Transmission of Viruses from Restroom Use: A Quantitative Microbial Risk Assessment

Sarah E. Abney, Ciara A. Higham, Amanda M. Wilson, M. Khalid Ijaz, Julie McKinney, Kelly A. Reynolds, Charles P. Gerba

Research output: Contribution to journalArticlepeer-review


Restroom use has been implicated in a number of viral outbreaks. In this study, we apply quantitative microbial risk assessment to quantify the risk of viral transmission by contaminated restroom fomites. We estimate risk from high-touch fomite surfaces (entrance/exit door, toilet seat) for three viruses of interest (SARS-CoV-2, adenovirus, norovirus) through eight exposure scenarios involving differing user behaviors, and the use of hand sanitizer following each scenario. We assessed the impacts of several sequences of fomite contacts in the restroom, reflecting the variability of human behavior, on infection risks for these viruses. Touching of the toilet seat was assumed to model adjustment of the seat (open vs. closed), a common touch point in single-user restrooms (home, small business, hospital). A Monte Carlo simulation was conducted for each exposure scenario (10,000 simulations each). Norovirus resulted in the highest probability of infection for all exposure scenarios with fomite surfaces. Post-restroom automatic-dispensing hand sanitizer use reduced the probability of infection for each virus by up to 99.75%. Handwashing within the restroom, an important risk-reduction intervention, was not found to be as effective as use of a non-touch hand sanitizer dispenser for reducing risk to near or below 1/1,000,000, a commonly used risk threshold for comparison.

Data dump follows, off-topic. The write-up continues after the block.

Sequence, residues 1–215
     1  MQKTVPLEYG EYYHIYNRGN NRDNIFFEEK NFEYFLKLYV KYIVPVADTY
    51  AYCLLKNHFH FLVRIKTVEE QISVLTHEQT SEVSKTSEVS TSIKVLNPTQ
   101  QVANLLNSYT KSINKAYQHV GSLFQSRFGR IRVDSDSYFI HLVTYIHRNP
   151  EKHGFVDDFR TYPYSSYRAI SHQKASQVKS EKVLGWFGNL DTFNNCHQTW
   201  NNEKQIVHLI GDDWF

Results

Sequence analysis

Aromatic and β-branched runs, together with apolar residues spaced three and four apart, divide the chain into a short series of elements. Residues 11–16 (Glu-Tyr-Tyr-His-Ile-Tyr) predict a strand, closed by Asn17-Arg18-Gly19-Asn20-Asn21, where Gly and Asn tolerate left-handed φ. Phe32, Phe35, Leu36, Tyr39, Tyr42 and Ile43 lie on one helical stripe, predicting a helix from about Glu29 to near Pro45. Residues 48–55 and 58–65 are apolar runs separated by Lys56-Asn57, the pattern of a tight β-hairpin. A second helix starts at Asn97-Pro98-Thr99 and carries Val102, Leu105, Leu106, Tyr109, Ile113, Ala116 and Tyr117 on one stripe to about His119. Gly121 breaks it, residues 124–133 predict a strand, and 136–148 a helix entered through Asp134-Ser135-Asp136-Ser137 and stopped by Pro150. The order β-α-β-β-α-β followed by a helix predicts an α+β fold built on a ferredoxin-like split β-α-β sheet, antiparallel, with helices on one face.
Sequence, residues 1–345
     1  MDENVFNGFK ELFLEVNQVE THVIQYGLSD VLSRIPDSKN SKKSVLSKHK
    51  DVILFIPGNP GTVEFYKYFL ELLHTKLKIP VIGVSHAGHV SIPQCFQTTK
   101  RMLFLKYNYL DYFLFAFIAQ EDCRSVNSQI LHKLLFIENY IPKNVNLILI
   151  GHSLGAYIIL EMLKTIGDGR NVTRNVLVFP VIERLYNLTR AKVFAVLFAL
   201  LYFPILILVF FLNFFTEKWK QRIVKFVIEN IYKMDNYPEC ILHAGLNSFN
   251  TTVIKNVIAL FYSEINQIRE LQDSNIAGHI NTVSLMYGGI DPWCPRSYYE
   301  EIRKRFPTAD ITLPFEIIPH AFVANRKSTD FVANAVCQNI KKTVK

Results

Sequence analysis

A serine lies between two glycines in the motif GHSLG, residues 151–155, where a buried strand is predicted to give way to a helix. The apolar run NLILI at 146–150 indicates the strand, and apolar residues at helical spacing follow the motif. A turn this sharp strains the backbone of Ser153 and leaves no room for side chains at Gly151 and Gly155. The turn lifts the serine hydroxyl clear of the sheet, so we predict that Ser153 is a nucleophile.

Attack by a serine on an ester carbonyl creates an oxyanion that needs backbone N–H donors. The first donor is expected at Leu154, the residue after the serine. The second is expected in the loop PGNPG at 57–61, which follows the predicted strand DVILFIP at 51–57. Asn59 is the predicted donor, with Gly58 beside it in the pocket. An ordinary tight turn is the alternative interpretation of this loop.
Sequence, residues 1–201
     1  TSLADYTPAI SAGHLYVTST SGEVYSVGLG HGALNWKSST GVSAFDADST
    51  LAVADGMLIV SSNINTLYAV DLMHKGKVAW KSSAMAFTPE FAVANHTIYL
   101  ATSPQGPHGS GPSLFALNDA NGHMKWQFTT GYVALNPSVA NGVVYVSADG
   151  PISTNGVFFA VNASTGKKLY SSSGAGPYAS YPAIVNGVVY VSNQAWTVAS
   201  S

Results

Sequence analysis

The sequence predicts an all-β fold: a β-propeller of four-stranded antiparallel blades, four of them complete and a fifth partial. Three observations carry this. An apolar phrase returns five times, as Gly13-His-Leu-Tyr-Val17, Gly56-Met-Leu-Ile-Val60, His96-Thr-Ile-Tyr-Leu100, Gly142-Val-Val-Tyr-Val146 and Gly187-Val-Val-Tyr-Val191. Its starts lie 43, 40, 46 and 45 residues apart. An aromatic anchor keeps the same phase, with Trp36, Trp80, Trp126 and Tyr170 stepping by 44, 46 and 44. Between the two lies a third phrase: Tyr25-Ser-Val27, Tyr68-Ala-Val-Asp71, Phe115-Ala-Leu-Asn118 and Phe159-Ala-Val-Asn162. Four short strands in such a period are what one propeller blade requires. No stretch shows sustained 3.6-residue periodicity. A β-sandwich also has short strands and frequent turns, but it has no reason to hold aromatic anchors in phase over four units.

Original languageEnglish (US)
Pages (from-to)65-78
Number of pages14
JournalFood and Environmental Virology
Issue number1
StatePublished - Mar 2024


  • Fomites
  • Hygiene
  • Public health
  • QMRA
  • Virus

ASJC Scopus subject areas

  • Epidemiology
  • Food Science
  • Health, Toxicology and Mutagenesis
  • Virology


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